There are always two sides to the opinion regarding  using mind altering drugs  such as anti -depressants and tranquilizers.  Some claim wonderful results that keep  them able to function and some find in the long run they masked the grief and prolonged it  as they became addicted to the drug(s).  and all sorts of things in between.  I guess there is no right or wrong with this.   Personally, I am opposed to mind-altering drugs for myself.  I believe  much of what I deal with in my widowhood is life style issues and the lack of money and help domestically.  I also am very holistically  oriented   believing in prevention as opposed to cures whenever possible.   Drugs to be used only in life or death situations.  I have watched older people strung out on multiple drugs which just caused more and more interactions and problems--.  often doctors  say short term use   but in reality  withdrawal is not easy and many wind up on drugs for the rest of their lives.  if you are unable to think or function  it is probably a good idea to seek counseling  and perhaps medication  but bottom line you have to eventually do the work and make the changes   within you...drugs may or may not help...very individual decision and no one should debate what is right or wrong because each of us is unique and what is right for someone might not be right for the next person. 

  Grief is crappy and complicated and can make you think you are dying too or crazy---it is the very nature of grief to be grossly unpleasant and to make you question your sanity and your purpose.  Always know  deep deep inside you is your personal truth and all that  you are has resulted in living into your senior years---such a blessing--to be here to gain understanding and wisdom and still not know it all.  What a treasure it is when you put your grief down for just a moment and become aware of the love that keeps you alive.  Take a quiet moment to think of the wonder of  that truth. Because  even  down and out and flat on your face you would have no less worth because of the value of  every life.  That means you and me and everyone else on earth.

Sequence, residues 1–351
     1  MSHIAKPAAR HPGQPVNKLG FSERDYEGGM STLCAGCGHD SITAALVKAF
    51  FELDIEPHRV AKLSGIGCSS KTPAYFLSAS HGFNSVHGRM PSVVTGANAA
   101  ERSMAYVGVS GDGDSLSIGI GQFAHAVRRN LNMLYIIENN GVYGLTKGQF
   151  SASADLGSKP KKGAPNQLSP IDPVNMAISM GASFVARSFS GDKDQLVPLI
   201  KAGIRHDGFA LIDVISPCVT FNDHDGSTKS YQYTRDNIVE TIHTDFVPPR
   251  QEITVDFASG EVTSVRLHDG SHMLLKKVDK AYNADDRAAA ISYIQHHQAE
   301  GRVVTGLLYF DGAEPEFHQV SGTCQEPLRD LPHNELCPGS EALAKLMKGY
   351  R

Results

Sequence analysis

Comment by thelmaz yesterday

calformniajazzy...yes, I have had experience with medication.  During the last 6 months of my husband's life, he had a lumbar puncture that resulted paralysis of his legs, he fell out of his wheelchair and bashed his head on the concrete near the entrance to the hospital, my son had a heart attach, and I was working full time and spending most nights at the hospital.  So yes, I started Lexapro and it helped me so much.  I managed to get through that awful summer and the days after my husband's death.  Seeing a counselor was good for me, too.

Comment by thelmaz yesterday

silverlady, I hate to be pushy but I am 10 years older than you and have written a memoir about the last year my husband and I were together and how I managed widowhood.  Not a happy story but the ending part is positive.  Stumbling Through the Dark by Thelma Zirkelbach, available on Amazon and Barnes and Noble.